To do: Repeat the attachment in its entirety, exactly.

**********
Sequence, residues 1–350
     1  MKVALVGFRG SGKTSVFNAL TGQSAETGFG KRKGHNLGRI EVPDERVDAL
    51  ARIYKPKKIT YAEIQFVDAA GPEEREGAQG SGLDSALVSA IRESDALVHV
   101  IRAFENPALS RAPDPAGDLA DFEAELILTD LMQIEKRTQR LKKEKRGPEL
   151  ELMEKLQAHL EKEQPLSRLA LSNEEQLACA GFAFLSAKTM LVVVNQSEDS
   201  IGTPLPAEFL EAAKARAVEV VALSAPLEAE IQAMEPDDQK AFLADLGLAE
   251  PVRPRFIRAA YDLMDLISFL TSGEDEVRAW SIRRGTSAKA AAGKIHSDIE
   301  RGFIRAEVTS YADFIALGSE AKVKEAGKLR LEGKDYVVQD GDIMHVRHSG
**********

Sequence, residues 1–350
     1  MKVALVGFRG SGKTSVFNAL TGQSAETGFG KRKGHNLGRI EVPDERVDAL
    51  ARIYKPKKIT YAEIQFVDAA GPEEREGAQG SGLDSALVSA IRESDALVHV
   101  IRAFENPALS RAPDPAGDLA DFEAELILTD LMQIEKRTQR LKKEKRGPEL
   151  ELMEKLQAHL EKEQPLSRLA LSNEEQLACA GFAFLSAKTM LVVVNQSEDS
   201  IGTPLPAEFL EAAKARAVEV VALSAPLEAE IQAMEPDDQK AFLADLGLAE
   251  PVRPRFIRAA YDLMDLISFL TSGEDEVRAW SIRRGTSAKA AAGKIHSDIE
   301  RGFIRAEVTS YADFIALGSE AKVKEAGKLR LEGKDYVVQD GDIMHVRHSG